My barracks is supposed to be self-contained. It's not quite there yet, but well on the way. Bringing in organic material from outside in order to feed my compost so that I can layer it on many times a year is absolutely the major problem of humans.
Capitalism, consumption, greed, the human virus. These might all be unpleasant, but they have only really become a problem (by which I mean an existential problem) since we demanded more of our planet than we can safely take from it. Our use of the planet's resources vastly exceeds the ability of the planet to replenish them. We know this.
If there was a second planet, or a third, or a fourth, from which we could extract what we need, or deposit our waste, it is likely that our way of life would only be disgusting and flatulent and egotistical without it being actually existentially threatening.
Permaculturists seem to believe that they have access to extra planets. If your system of gardening requires you to exceed your means by supplementing from outside, then I say there is something wrong with your system of gardening.
This dominance of the processes, and the exuberant overuse of resources is not in any way surprising. Permaculture suffers from a very good name which is easy to believe in, but it is a lie. Permaculture is inherently unsustainable, the opposite of permanent, and the culture is one of dominating the land in order to extract maximum yields from it. I always hear a lot more talk about market stalls, volumes, profits from permaculturists than I hear about taste and flavour and heritage. It's a cash business - it originated in the market gardens outside Paris. It has always been about profit. It is only different from massive agro-businesses in size and scale.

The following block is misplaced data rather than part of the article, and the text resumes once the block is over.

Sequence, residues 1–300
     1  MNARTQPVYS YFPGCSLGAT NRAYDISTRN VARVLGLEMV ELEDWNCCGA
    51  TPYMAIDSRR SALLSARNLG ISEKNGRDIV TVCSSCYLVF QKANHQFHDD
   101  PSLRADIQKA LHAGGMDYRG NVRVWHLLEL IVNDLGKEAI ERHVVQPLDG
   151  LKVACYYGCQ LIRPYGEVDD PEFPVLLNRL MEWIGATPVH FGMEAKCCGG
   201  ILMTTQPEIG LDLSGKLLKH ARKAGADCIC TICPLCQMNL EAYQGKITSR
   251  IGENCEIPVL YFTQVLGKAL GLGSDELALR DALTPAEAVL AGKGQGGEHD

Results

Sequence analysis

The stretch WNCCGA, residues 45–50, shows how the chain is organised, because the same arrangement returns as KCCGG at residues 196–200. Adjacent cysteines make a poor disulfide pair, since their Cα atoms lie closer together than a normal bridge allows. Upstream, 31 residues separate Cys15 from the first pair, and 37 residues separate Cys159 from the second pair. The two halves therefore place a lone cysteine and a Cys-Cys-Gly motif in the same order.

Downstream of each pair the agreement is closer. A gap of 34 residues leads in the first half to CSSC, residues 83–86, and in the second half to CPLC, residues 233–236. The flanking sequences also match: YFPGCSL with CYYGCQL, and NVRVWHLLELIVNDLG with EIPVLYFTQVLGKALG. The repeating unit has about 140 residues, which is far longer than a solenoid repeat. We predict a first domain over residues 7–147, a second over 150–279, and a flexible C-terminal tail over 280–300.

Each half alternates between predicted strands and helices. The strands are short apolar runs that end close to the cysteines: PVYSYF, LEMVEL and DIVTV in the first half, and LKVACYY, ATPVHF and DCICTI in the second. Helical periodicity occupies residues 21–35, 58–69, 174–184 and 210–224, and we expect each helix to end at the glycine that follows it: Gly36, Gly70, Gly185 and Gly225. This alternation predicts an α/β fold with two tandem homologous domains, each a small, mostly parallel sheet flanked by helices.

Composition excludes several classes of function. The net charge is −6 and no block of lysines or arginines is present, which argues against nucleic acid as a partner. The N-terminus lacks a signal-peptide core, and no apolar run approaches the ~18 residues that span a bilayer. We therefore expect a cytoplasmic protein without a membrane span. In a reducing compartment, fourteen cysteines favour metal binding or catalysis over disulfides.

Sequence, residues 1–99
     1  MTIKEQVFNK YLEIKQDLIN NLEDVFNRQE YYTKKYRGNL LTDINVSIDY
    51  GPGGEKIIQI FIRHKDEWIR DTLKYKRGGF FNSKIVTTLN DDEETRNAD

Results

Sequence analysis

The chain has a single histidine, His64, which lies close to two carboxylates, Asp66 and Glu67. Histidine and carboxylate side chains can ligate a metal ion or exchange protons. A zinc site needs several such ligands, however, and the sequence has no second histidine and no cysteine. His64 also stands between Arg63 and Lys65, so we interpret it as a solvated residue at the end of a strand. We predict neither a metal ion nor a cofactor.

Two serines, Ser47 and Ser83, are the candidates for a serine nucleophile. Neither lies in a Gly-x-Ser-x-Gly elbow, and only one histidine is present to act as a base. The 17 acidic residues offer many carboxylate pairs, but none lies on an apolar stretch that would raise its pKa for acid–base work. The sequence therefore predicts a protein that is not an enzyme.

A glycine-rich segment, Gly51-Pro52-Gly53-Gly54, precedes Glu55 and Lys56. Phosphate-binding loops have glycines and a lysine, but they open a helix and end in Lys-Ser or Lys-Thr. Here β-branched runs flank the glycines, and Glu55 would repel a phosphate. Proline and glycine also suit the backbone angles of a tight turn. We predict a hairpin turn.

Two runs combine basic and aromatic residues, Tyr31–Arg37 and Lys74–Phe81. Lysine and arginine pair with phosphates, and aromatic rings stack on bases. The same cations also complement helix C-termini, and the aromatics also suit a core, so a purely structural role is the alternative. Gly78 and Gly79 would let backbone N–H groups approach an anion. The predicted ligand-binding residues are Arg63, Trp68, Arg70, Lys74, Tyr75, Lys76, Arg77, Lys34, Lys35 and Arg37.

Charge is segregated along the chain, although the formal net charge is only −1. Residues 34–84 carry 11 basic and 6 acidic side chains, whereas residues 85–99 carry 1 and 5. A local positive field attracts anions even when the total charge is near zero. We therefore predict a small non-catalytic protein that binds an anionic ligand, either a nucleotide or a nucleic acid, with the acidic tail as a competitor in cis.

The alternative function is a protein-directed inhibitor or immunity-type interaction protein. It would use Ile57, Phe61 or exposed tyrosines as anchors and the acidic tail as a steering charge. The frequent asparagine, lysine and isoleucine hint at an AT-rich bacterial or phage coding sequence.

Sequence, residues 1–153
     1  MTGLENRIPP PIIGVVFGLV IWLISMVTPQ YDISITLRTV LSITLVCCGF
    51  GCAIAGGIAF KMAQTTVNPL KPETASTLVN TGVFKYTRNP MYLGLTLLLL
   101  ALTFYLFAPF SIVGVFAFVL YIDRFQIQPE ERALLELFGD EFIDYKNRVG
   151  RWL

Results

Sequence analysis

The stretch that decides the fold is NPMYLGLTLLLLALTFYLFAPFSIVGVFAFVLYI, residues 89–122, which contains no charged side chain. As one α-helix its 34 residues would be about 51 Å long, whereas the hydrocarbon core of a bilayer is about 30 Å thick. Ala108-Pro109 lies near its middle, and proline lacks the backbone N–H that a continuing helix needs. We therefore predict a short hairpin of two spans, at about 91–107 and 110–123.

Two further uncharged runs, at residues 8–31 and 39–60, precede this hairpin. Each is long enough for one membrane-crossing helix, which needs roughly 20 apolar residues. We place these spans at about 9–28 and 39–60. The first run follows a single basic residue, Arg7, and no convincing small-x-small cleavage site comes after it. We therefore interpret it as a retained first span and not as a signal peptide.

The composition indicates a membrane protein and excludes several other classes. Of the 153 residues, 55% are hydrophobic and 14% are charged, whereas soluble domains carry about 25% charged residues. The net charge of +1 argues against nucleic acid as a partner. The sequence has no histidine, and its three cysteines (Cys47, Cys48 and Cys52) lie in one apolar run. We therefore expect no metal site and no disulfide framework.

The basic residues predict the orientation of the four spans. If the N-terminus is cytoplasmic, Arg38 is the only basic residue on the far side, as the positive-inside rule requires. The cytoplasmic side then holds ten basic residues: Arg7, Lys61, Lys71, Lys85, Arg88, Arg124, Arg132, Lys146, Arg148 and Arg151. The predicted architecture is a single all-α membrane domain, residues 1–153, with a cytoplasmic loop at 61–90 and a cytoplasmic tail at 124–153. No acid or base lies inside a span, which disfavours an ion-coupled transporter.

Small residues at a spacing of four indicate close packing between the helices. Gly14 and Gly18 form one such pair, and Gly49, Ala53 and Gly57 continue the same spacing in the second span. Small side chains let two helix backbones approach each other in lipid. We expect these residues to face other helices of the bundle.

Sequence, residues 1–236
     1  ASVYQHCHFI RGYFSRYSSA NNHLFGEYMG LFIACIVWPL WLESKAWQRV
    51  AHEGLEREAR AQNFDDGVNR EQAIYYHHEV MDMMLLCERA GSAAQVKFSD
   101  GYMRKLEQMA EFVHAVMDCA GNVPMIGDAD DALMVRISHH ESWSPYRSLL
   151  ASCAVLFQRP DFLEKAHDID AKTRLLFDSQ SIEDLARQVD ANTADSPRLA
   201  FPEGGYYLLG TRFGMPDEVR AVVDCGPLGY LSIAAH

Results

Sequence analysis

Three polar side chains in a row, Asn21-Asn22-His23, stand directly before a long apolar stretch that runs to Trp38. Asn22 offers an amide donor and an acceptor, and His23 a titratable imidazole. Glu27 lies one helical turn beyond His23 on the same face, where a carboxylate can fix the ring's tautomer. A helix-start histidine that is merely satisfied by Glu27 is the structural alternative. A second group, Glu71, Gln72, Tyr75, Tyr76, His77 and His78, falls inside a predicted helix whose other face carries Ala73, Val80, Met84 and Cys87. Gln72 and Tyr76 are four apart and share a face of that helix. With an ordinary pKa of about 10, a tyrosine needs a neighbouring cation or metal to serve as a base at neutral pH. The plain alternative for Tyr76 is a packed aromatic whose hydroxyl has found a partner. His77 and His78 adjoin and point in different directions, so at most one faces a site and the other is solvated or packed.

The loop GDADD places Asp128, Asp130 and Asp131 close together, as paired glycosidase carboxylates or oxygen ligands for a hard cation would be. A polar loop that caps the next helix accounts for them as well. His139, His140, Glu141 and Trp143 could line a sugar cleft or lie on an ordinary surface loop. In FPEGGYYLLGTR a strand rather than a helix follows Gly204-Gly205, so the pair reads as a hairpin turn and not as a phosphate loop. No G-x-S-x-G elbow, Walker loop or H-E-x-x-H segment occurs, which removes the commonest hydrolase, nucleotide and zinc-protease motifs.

And finally, no-dig.
I'm all for no plough, and not digging so deep that you screw up the strata in the soil. But by not digging, all you are doing is further separating yourself from the earth which sustains us. Anyone can grow crops in a 30-cm layer of "perfect" compost, but if you really want to grow to sustain yourself, you absolutely need to understand what you are dealing with and you do that by physically interacting with the soil.
Deliberately disconnecting yourself from the very point of the garden - the earth - with a layer of cardboard topped with imported cow shit and coffee grounds makes you a worse gardener in every way. I cannot even begin to take someone seriously as a gardener who erects a physical barrier of man-made amazon packaging between him and the soil, and then refuses to physically engage with it.
Gardening is hard work. It fails frequently. Attempting to dominate the process, and then sell the profits as if you had earned them is fine. People need to eat and not everyone wants to grow their own. Assuming a position of moral superiority in order to sell books and grow your cult, when your cult is a lie, is wrong.